U.S. citizens do not need a passport to enter the USVI which is one of the reasons it is so popular in the States. The three main islands (St. Croix, St. John and St. Thomas) are among more than 50 islands and cays that make up the U.S. Virgin Islands. Situated about 1,200 miles southeast of Miami and 50 miles east of Puerto Rico, they are just a few miles west of their cousins, the British Virgin Islands. St. Thomas and St. John are only 3 miles apart, bordered on the north by the Atlantic Ocean. St. Croix lies 40 miles to the south, surrounded by the Caribbean Sea.
The foremost attractions of the U.S. Virgin Islands include white-sand beaches, snorkeling and diving, Virgin Islands National Park, deep-sea fishing, restaurants, nightlife, golfing, tennis, hiking, camping, wildlife, parasailing, duty-free shopping, historical buildings and yachting.
Travelers who enjoy shopping, beautiful Caribbean beaches, protected tropical habitats, and excellent snorkeling and diving will enjoy the U.S. Virgin Islands. Those seeking seclusion or a landscape free of Burger Kings and Radio Shacks should restrict their stay to St. John (away from Cruz Bay) or to St. Croix, at least most of it.
The best time to visit is December-April—but that’s when everyone else goes, too.
The British Virgin Islands (often referred to as B.V.I.) may be only a few miles away from the U.S. Virgin Islands, but don’t expect the hectic tourist activity of St. Thomas. The British Virgin Islands have spectacular sailing waters and coral reefs that surround them, calm and tidy towns, luxurious accommodations and gourmet dining. For many, they are the perfect island getaway.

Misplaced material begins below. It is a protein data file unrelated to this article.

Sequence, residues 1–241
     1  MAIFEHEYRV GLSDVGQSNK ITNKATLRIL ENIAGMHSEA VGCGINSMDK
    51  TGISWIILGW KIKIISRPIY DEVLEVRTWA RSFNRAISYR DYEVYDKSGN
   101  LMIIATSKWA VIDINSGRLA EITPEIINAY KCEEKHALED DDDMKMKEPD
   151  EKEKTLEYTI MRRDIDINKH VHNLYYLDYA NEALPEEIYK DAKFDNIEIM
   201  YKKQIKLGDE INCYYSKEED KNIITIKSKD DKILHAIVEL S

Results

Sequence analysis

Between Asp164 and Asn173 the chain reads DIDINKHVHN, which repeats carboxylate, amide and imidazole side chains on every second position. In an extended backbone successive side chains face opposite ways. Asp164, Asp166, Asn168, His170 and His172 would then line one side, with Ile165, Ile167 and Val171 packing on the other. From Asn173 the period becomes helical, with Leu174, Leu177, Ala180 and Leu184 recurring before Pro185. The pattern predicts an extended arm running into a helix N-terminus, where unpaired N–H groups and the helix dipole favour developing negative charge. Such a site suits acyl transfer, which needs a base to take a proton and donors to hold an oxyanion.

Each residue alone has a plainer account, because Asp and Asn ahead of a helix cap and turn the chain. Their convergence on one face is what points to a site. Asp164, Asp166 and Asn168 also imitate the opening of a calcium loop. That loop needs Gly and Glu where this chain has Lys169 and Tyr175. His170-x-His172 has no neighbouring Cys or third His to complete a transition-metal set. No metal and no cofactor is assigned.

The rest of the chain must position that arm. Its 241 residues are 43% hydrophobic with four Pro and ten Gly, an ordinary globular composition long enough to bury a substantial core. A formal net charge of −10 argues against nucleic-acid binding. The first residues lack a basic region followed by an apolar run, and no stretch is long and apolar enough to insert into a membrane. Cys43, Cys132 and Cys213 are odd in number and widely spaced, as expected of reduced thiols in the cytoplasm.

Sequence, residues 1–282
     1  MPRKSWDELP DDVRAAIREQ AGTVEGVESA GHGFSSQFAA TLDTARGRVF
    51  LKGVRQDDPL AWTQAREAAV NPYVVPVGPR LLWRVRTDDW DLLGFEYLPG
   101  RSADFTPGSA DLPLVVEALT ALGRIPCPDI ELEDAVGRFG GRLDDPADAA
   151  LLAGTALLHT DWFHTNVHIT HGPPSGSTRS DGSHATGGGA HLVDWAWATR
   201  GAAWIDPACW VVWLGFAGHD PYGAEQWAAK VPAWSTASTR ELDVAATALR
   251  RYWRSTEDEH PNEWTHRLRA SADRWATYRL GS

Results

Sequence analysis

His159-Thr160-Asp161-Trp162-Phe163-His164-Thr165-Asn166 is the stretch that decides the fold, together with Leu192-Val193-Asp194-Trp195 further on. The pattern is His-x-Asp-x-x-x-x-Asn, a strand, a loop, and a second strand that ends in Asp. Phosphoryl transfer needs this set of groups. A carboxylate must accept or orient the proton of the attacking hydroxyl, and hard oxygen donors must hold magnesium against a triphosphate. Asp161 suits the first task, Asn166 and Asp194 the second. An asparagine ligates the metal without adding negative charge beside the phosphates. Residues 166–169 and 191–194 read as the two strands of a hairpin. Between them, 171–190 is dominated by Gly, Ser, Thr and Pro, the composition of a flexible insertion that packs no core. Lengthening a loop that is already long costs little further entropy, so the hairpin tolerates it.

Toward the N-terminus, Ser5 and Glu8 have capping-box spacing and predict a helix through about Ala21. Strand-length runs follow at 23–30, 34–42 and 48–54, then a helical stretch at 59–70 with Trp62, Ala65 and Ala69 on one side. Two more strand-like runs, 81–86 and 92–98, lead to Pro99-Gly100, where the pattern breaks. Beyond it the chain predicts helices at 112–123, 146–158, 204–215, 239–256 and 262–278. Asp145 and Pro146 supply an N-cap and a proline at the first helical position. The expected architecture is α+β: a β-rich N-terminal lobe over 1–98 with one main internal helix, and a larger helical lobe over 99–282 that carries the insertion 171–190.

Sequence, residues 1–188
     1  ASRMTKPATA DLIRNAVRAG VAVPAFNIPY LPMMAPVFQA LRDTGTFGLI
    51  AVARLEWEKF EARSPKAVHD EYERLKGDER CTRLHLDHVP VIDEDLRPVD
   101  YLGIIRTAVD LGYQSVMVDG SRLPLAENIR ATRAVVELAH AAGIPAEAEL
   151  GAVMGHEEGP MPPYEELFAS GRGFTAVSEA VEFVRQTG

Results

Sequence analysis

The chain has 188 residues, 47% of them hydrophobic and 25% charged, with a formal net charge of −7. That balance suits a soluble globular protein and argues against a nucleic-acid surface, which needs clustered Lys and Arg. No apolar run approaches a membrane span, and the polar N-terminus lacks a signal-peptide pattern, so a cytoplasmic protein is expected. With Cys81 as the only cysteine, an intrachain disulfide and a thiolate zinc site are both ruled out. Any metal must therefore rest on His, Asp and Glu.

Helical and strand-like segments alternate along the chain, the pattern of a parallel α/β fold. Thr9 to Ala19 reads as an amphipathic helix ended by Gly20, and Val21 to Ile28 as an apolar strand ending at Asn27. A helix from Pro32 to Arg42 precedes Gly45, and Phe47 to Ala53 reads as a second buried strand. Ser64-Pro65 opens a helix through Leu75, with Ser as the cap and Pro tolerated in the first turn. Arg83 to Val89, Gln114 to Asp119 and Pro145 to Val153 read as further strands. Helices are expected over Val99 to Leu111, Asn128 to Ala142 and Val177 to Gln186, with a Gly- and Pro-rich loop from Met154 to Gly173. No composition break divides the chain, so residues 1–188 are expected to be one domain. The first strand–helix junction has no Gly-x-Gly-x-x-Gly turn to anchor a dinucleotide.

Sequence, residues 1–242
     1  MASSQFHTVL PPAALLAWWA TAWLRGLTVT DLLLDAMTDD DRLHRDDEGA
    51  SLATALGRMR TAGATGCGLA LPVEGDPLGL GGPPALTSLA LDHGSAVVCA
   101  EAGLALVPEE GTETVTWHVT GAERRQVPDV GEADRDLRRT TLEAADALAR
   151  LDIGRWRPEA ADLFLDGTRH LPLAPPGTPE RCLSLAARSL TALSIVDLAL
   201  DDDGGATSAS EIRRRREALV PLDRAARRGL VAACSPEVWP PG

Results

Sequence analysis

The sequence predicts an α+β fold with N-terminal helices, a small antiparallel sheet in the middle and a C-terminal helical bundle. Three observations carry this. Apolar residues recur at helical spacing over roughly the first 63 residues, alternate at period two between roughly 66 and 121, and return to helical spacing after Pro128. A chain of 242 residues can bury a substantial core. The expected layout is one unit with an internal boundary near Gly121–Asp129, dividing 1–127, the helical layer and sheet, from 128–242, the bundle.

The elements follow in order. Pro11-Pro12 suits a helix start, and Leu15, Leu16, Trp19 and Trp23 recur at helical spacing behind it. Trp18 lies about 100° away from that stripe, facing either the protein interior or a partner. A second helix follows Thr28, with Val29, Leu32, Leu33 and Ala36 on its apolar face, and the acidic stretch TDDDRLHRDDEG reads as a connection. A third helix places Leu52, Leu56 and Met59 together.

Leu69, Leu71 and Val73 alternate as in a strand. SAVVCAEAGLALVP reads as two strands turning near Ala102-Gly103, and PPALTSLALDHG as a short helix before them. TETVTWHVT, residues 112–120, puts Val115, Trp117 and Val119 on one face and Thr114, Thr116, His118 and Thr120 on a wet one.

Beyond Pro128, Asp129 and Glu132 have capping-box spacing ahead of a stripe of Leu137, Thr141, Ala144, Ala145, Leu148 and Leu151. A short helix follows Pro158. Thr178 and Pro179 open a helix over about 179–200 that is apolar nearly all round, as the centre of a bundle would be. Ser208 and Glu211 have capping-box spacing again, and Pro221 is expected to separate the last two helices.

But, as with most things perfect and elegant, the British Virgin Islands don’t come cheap. The islands’ emphasis on small, upscale resorts and their desire to appeal to well-heeled travelers result in a relatively pricey paradise with an exclusive atmosphere.
Although some dozen or so cruise ships visit the islands—with the majority of the cruise vessels visiting Tortola—you’re more likely to see yachts. Sailors enjoy steady trade winds, short distances between islands, beautiful views and many sheltered coves where they can drop anchor. These are considered some of the finest sailing waters in the world. Scuba divers and snorkelers also relish the reefs, wrecks and clear waters off the islands.
For whatever reason you visit the British Virgin Islands, expect a slow and rejuvenating pace with plenty of time to enjoy the scenery. The panorama includes white crescent beaches nestled at the bottom of tall, green mountains and stunning views of neighboring islands from steep lookouts.